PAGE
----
59 research outputs found

    Health, social and economic implications of adolescent risk behaviours/states: protocol for Raine Study Gen2 cohort data linkage study.

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    BACKGROUND: Risk-taking behaviours are a major contributor to youth morbidity and mortality. Vulnerability to these negative outcomes is constructed from individual behaviour including risk-taking, and from social context, ecological determinants, early life experience, developmental capacity and mental health, contributing to a state of higher risk. However, although risk-taking is part of normal adolescent development, there is no systematic way to distinguish young people with a high probability of serious adverse outcomes, hindering the capacity to screen and intervene. This study aims to explore the association between risk behaviours/states in adolescence and negative health, social and economic outcomes through young adulthood. METHODS: The Raine Study is a prospective cohort study which recruited pregnant women in 1989-91, in Perth, Western Australia. The offspring cohort (N = 2,868) was followed up at regular intervals from 1 to 27 years of age. These data will be linked to State government health and welfare administrative data. We will empirically examine relationships across multiple domains of risk (for example, substance use, sexual behaviour, driving) with health and social outcomes (for instance, road-crash injury, educational underachievement). Microsimulation models will measure the impact of risk-taking on educational attainment and labour force outcomes. DISCUSSION: Comprehensive preventive child health programmes and policy prioritise a healthy start to life. This is the first linkage study focusing on adolescence to adopt a multi-domain approach, and to integrate health economic modelling. This approach captures a more complete picture of health and social impacts of risk behaviour/‚Äčstates in adolescence and young adulthood

    "From the moment i wake up i will use it?every day, very hour": A qualitative study on the patterns of adolescents' mobile touch screen device use from adolescent and parent perspectives

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    Background: The use of mobile touch screen devices, e.g. smartphones and tablet computers, has become increasingly prevalent among adolescents. However, little is known about how adolescents use these devices and potential influences on their use. Hence, this qualitative study explored adolescents' perceptions on their patterns of use and factors influencing use, and perceptions and concerns from parents. Methods: Semi-structured interviews were conducted with adolescents (n = 36; 11 to 18 years) and their parents/caregivers (n = 28) in Singapore recruited to represent males and females across a range of ages from different socioeconomic groups. Prompts covered weekday and weekend use patterns, types of activities, perspectives on amount of use, parental control measures and concerns. Interviews were recorded and transcribed. Transcripts were coded and thematic analysis was carried out. Results: Smartphone was the most common mobile device owned and used by many of the adolescents, while only some used a tablet. Many adolescents and their parents felt that adolescents' MTSD use was high, frequent and ubiquitous, with frequent checking of device and multitasking during use. Reported influences of use included functional, personal and external influences. Some of the influences were irresistibility of mobile devices, lack of self-control, entertainment or relaxation value, and high use by peers, family and for schoolwork that contributed to high use, or school/parental control measures and lack of internet availability that limited use. Most adolescents were generally unconcerned about their use and perceived their usage as appropriate, while most parents expressed several concerns about their adolescents' use and perceived their usage as excessive. Conclusions: This study has provided rich insights into the patterns and influences of contemporary mobile device use by adolescents. Mobile device use has become an integral part of adolescents' daily routines, and was affected by several functional, personal and external influences which either facilitated or limited their use. There also seemed to be a strong inclination for adolescents to frequently check and use their mobile devices. There is an urgent need to understand the implications of these common adolescent behaviours to inform advice for wise mobile device use by adolescents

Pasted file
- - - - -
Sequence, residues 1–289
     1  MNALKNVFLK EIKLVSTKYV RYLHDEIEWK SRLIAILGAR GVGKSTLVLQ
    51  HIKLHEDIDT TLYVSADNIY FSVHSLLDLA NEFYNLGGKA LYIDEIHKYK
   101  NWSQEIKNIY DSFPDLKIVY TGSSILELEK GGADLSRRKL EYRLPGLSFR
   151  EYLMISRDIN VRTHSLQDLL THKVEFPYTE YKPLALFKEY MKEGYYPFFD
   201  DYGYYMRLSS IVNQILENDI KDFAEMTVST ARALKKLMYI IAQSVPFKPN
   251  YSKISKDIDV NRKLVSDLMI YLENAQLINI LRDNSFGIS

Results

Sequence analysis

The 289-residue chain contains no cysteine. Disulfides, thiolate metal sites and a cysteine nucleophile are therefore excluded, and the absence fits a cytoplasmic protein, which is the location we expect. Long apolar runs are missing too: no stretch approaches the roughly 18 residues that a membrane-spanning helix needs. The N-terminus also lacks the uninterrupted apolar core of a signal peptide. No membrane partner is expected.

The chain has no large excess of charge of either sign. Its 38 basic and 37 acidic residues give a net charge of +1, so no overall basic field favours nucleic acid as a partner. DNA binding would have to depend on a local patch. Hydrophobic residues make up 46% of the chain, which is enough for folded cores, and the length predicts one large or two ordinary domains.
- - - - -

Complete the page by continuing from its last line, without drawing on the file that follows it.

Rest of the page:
Workplace interventions for increasing standing or walking for decreasing musculoskeletal symptoms in sedentary workers